We recently wrote about the U.S. Environmental Protection Agency’s (EPA) supplemental analysis on consumer uses of 1,4-dioxane under the Toxic Substances Control Act (TSCA). Now the EPA has issued its final risk evaluation for the chemical, setting the stage for potential future regulation.
1,4-dioxane was selected in 2016 as one of the first 10 chemicals for risk evaluation under section 6 of TSCA. In general, the chemical is likely present at many sites contaminated with certain chlorinated solvents because of its widespread use as a stabilizer for those chemicals. The EPA says that 1,4-dioxane is used in “paint strippers, dyes, greases, varnishes, and waxes,” as well as consumer products like shampoos, deodorants, cleaning detergents, and cosmetics. Other products that may use 1,4-dioxane include building materials like cement, roofing, siding, and insulation, and children’s toys.
In the final risk evaluation, the EPA reviewed 24 conditions of use, “primarily as a solvent, a processing aid, functional fluid, laboratory chemical, adhesive, sealant, spray polyurethane foam, printing, and dry film lubricant.” The findings are summarized as follows:
- After accessing the impact of 1,4-dioxane on aquatic vertebrates and invertebrates, as well as aquatic plants in surface waters, the EPA found no unreasonable risks to the environment from any conditions of use
- The EPA found no direct consumer uses of the chemical, though it may be found as a by-product in consumer products like soaps and detergents—but the EPA found no unreasonable risks to consumers or bystanders from any conditions of use
- The EPA assessed exposure to the general population from 1,4-dioxane in surface water and found no unreasonable risks
- However, the EPA found unreasonable risks to workers and occupational non-users from 13 conditions of use such as: when manufacturing or importing the chemical; when repackaging or recycling the chemical; in the manufacture of other chemicals while using 1,4-dioxane as an intermediate or as a processing aid, and in adhesives and sealants. The unreasonable risks, says the EPA, can come from both short- and long-term inhalation and dermal exposure. The unreasonable risk of injury to health “include liver toxicity from acute exposures, and olfactory epithelium effects and increased risk of cancer from chronic exposures.”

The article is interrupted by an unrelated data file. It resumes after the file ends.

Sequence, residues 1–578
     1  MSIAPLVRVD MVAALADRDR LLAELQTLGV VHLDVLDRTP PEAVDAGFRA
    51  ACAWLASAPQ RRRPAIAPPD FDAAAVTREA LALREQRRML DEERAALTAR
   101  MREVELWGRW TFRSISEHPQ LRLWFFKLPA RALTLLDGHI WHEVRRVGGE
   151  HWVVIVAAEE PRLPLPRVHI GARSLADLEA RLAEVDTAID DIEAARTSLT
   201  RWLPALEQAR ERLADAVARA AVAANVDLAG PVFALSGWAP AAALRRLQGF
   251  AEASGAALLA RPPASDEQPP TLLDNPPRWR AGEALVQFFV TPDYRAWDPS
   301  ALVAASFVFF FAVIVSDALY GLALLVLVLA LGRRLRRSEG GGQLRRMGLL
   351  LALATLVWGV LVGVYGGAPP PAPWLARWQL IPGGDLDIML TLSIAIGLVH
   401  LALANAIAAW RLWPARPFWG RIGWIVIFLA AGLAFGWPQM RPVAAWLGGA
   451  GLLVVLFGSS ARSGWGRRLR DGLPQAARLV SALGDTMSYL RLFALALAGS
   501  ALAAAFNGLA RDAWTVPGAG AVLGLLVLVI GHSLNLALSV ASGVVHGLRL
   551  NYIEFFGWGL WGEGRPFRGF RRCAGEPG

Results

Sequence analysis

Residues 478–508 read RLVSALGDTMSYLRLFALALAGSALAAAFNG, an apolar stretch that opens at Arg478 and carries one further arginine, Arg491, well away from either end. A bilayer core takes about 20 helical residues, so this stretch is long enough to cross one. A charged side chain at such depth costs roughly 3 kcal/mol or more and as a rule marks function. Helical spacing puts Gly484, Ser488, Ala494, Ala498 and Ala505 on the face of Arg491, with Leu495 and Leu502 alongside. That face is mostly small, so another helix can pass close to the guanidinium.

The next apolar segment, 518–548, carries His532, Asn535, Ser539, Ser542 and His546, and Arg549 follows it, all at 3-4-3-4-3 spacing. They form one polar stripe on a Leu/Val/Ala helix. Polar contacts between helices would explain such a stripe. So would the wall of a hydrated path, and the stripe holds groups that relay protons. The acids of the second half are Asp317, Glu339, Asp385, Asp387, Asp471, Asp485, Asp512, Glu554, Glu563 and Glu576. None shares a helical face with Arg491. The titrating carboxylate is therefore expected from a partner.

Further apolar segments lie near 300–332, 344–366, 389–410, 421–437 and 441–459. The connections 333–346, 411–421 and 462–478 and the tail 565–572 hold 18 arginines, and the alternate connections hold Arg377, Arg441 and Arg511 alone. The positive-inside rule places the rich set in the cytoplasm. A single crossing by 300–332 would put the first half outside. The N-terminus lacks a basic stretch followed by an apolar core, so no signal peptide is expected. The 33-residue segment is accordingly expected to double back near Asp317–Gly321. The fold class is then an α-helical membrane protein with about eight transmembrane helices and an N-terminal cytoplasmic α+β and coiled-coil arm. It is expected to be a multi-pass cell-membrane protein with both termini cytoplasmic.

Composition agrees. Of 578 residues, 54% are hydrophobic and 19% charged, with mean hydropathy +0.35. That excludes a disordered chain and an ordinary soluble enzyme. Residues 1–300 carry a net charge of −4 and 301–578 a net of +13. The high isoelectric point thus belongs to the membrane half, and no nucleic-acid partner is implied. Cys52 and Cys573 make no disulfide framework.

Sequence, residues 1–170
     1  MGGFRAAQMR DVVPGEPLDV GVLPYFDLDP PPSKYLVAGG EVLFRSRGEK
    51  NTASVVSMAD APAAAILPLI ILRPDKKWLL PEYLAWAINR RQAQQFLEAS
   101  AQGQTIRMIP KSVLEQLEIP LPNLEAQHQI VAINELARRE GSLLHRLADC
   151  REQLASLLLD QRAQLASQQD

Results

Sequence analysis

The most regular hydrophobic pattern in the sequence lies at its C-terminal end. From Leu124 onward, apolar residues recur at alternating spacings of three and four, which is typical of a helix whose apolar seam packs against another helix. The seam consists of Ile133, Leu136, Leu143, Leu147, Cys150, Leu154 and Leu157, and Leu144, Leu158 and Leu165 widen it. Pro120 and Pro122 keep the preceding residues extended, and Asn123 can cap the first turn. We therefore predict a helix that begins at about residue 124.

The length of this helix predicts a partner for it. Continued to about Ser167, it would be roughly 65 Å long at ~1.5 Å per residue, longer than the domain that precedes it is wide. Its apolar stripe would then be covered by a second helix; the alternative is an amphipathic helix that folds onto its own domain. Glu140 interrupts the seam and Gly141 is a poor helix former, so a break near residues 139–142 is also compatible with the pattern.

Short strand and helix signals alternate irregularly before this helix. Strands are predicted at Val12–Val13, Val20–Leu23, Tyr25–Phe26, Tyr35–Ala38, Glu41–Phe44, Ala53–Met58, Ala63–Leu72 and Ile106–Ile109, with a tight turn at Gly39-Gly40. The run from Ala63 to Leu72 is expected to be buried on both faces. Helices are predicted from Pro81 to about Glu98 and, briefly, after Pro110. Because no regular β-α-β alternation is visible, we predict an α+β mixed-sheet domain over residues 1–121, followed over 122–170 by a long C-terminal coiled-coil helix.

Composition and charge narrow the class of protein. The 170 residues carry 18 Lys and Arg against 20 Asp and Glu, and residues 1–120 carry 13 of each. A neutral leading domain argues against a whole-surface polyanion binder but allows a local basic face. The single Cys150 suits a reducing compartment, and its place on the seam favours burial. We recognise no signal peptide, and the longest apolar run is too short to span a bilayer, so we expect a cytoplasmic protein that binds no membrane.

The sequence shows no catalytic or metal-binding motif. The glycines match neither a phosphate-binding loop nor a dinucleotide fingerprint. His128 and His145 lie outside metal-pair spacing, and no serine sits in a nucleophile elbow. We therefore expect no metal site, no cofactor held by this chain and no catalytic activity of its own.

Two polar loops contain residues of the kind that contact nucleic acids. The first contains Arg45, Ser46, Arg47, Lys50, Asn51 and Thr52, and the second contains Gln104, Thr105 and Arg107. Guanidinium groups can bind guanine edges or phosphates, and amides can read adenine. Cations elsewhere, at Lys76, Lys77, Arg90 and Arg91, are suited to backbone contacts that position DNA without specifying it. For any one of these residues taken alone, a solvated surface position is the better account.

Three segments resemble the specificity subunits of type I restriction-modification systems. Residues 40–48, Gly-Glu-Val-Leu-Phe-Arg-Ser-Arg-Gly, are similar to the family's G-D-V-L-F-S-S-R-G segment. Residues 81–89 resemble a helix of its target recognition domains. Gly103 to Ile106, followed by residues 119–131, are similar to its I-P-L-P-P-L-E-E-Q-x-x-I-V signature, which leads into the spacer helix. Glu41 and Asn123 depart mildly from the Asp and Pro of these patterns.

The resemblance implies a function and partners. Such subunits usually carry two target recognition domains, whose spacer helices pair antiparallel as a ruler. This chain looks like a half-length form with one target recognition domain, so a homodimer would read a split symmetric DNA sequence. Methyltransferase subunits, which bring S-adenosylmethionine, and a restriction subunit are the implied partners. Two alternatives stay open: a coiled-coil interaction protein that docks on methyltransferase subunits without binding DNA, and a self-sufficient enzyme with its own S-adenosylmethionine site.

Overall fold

The final risk evaluation contains the agency’s final determinations on unreasonable risks to human health or the environment, and was prepared in conjunction with the review of “extensive scientific literature,” by conducting “modeling and other risk assessment activities,” and by collecting toxicity, exposure, and hazard information from many sources. It is also based on input from the public and peer reviewers as required by TSCA.
This evaluation will guide the EPA’s efforts to issue regulations to address the determined unreasonable risks associated with 1,4-dioxane. The EPA has one year to propose, and two years to finalize, those actions. The proposed regulations could include changes on how the chemical is used, limiting or prohibiting its manufacture, processing or distribution in commerce, and restrictions on disposal, for example.
The final risk evaluation can be found here.